Optionally set the stocked wearable Temporary (it's a good idea), take it into inventory, and put it into the giver. Then rez the giver on land that permits the AVsitter Experience, and touch it. If you've already approved the Experience, you'll wear the wearable as soon as the giver rezzes it; or, if you haven't already, you'll be prompted to permit the Experience.

Now, what about permissions for the wearable and its contents? This is often overlooked. Unless it's your own content and you don't care about limiting distribution, you'll need to be careful your item permissions comply with any licensing terms. Don't give away full-perm items or their contents as full-perm for the next owner unless that's allowed by the license (and it almost never is). Always test permissions with an alt or friend. (The sample is set as permissive as possible, generously permitted by the creators; yours will likely need more restrictive permissions.)

"Givers" as Products

The permissions question is much more complicated if you want to distribute products that are themselves givers -- that is, if you want to sell trays of donuts that the next owner can set out to supply donuts to third parties. (You can set next-owner permissions, but you really want more restrictive permissions on the NEXT-next-owner.) It's not really possible to fully protect the IP of those donuts and their contents, but it's possible to use the obscure "slam bit" function of SL permissions to somewhat help with this. You're still responsible to comply with any license terms, and you may demand tighter protection for your own content, too, so this is merely an idea to consider:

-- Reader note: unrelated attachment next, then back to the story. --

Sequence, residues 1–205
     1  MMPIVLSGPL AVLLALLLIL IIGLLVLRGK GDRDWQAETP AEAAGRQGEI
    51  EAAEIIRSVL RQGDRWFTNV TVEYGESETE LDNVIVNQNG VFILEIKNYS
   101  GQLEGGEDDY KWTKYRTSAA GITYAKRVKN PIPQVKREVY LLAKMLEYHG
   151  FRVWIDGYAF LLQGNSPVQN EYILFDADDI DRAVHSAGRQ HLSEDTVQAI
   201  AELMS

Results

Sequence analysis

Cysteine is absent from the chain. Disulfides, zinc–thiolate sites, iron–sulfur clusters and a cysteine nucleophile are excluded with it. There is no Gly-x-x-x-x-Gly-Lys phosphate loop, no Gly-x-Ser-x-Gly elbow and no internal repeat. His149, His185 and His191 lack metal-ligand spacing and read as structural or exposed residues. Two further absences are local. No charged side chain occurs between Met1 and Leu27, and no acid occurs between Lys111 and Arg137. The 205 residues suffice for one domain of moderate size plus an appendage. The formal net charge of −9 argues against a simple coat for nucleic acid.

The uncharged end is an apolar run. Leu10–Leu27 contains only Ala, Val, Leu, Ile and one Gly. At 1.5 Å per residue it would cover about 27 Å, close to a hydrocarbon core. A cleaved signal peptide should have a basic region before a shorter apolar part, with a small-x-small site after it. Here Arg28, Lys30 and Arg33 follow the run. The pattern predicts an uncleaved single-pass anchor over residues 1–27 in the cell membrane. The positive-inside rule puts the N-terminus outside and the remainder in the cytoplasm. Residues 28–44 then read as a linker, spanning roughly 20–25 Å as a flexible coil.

- In a rezzed copy of the wearable, set the next-owner permissions to transfer-only (no-Copy) on it and any contents you want to protect.
 - Take that wearable into Inventory and from its Properties dialog change it to Transfer + Copy permission (which sets the "slam bit" on permissions because they changed while the item was in Inventory, not rezzed).
 - Put that wearable from Inventory into a copy of the giver, set permissions on the giver to the desired product permissions (probably Copy+Modify, no-Transfer) and take it into Inventory.
 - Pass it to an alt or friend for testing to make sure it's ready for your usual product distribution channels. (Note that for slam-bit testing, it's generally best to use another alt as the donut-eating third party.)

This way the product buyer rezzes out a copy of the giver, inside of which the wearable is still Copy+Transfer; then when a third party touches it, a copy of the wearable is rezzed -- but its "slam bit" was set so now the rezzed wearable gets set no-Copy, and transfers to the toucher to whom it temp-attaches.

(For more background on the "slam bit" see .)

This does not totally protect content from intentional IP infringement by the *buyer* of the giver object (so it won't suffice for licensed content) but it does reduce risk of infringement by the *wearer*. It's at least possible to impose some EULA on the buyer, but it's hopeless to pass that down to the third-party wearer, so some mechanical constraint like this slam-bit approach may be the best we can do given the limitations of SL permissions and attachments. (There are ways to further protect content but they're beyond the scope here.)

 - Plato Novo of %Percent for all the yummy donuts, inspiration, and patience
 - Code Violet for giving AVsitter such a useful Experience and API
 - Prokofy Neva for
 - Robin (Sojourner) Wood for everyone's favorite sipping anims (in the self-sipping donut attachments)